To All the Overcalls I’ve Made Before

May 13, 2016

The usual suspects in radiology overcalls.

My focus in last week’s column was the phenomenon of overcalling-that is, rendering unnecessarily abnormal diagnoses-and how one might go about reducing them without willy nilly undercalling instead.

I’d mentioned some circumstances wherein a rad might encounter new information (at least, new to him), adoption of which results in him overcalling less frequently. For you epidemiology buffs, that would mean turning false positives into true negatives.

Such external validation is not the only way I’ve found myself trimming back the overcall weeds in my metaphorical radiology yard. Another, which might count as my “share” in Overcallers Anonymous, is noticing that I’m diagnosing a condition an awful lot.

For instance, let’s say “normal” is within two standard deviations of the average, and thus “abnormal” is anything beyond. This would mean an abnormality prevalence of about 5%. If I’m reporting abnormality 50% of the time, I’ll notice something’s amiss pretty quickly (and if not, clinicians referring to me certainly will).

But if I’m overcalling less egregiously, say 10%, it might take me hundreds or thousands of cases before the penny drops. Even then, it won’t hit me like a thunderclap; rather, I’ll have a slowly mounting sense of wrongness, and it might take years before this crosses some line in my mental sand that results in me changing my ways.

Also in play is the gravity of the diagnosis in play. That is, what am I adding to patient care by reporting an abnormality that may not be genuine, versus what risks am I imposing by not reporting the abnormality that might indeed be there?

Some overcalls that have thus earned places in my personal rogues’ gallery:

Cardiomegaly. Specifically, on chest X-rays, especially AP portables where the patient is supine and/or has inspired such that I can see all of four ribs above the diaphragmatic shadow. Do I still call it sometimes? Of course, if I think it’s legit. But I’ve definitely raised the bar for myself on this one.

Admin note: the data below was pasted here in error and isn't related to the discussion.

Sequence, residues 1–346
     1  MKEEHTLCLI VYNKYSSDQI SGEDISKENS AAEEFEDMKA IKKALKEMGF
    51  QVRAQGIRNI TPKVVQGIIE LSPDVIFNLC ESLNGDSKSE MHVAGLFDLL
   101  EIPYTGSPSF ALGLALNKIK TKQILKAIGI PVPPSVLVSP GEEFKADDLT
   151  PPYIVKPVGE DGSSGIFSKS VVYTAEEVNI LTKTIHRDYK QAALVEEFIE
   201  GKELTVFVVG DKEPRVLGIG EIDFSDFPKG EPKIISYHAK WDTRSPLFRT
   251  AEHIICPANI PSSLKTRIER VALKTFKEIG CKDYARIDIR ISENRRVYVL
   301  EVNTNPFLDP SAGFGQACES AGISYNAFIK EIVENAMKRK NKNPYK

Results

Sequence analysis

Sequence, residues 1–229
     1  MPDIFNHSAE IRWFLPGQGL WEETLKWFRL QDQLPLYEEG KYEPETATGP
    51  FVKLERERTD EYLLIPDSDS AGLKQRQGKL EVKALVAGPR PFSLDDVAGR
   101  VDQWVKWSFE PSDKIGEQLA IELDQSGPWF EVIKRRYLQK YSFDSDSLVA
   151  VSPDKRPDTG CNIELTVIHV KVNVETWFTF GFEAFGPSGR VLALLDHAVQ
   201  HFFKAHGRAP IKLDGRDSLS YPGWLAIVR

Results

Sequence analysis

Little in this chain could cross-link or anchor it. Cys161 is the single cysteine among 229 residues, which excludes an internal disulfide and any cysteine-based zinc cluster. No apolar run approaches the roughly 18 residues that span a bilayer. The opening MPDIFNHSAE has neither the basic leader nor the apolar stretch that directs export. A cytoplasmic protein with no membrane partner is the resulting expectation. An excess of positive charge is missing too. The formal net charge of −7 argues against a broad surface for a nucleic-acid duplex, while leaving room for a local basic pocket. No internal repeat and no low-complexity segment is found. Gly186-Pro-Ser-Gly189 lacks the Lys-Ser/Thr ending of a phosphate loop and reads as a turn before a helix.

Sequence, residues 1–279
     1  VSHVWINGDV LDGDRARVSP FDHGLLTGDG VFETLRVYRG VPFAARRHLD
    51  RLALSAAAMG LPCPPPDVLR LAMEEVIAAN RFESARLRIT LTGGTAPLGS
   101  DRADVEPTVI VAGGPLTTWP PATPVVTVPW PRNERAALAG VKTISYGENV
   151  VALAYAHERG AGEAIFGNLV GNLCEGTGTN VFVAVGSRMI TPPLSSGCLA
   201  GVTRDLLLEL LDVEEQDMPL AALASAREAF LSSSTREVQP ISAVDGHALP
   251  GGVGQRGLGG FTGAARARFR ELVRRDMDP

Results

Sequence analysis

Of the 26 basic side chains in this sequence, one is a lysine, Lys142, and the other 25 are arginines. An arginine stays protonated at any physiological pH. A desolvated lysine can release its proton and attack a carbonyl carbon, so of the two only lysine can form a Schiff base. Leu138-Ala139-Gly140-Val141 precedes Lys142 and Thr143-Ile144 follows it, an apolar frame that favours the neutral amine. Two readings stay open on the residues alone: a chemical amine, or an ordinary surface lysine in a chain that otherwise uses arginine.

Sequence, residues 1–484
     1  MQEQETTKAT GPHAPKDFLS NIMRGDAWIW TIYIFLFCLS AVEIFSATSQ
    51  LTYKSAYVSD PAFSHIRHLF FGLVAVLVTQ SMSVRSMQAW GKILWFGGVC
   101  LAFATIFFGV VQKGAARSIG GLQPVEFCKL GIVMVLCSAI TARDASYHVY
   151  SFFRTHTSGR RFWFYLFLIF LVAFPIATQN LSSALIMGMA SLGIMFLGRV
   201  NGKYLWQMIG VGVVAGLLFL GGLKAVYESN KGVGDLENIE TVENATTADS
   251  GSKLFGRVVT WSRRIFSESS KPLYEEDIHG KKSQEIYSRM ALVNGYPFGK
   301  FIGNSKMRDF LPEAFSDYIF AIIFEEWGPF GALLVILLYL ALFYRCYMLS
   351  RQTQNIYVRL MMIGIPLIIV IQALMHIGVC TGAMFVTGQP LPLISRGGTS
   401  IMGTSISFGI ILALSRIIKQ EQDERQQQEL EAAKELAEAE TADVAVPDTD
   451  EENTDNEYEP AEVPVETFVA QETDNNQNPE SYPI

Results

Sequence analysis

Fatty liver. Or Hepatomegaly. (On ultrasounds, in particular.) More than half of the sonographer worksheets I receive have these two written on them. Yes, it’s tough not to report something that the sonographer is telling me s/he saw. But I also have a hard time believing that over 50% of the population is wandering around with steatotic, enlarged livers (even with the overabundance of McD’s and its ilk). It’s gotten so my first reaction to these sonographer notes is “Oh, really?” And if the images I’m given don’t prove it-if I have to choose who to believe, the tech’s note or my own lying eyes, I’m going with my globes almost every time.[[{"type":"media","view_mode":"media_crop","fid":"48579","attributes":{"alt":"diagnosing in radiology","class":"media-image media-image-right","id":"media_crop_1798611536275","media_crop_h":"0","media_crop_image_style":"-1","media_crop_instance":"5806","media_crop_rotate":"0","media_crop_scale_h":"0","media_crop_scale_w":"0","media_crop_w":"0","media_crop_x":"0","media_crop_y":"0","style":"height: 180px; width: 180px; border-width: 0px; border-style: solid; margin: 1px; float: right;","title":"©Alex Oakenman/Shutterstock.com","typeof":"foaf:Image"}}]]

Echogenic kidneys. See above.

Thickening. (Or thickened.) I’ve gotten to semi-hate these words. Which doesn’t mean I refrain from using them, because sometimes things appear thicker than normal. Referring to just about anything-walls of bowel, bronchi, esophagus, gallbladder, arterial intima, etc. But really-if the structure should be distended and it isn’t, and especially if it has no bearing on the clinical context (which, I grant, we often don’t have)…what am I adding to the patient’s care by saying it might be a little thickened?

That “what am I adding” self-interrogation goes for my other no-longer-frequent overcalls above, and a handful of others besides. Often, the only thing an overcall adds is uncertainty, and more costly, time-consuming, and plain ol’ unpleasant additional diagnostic testing for the patient in question.

What’s your personal #1 pet peeve overcall? (Doesn’t have to be something you personally do-now or in the past-can be something you see from other rads, especially when you second read their cases or inherit their follow-up studies.)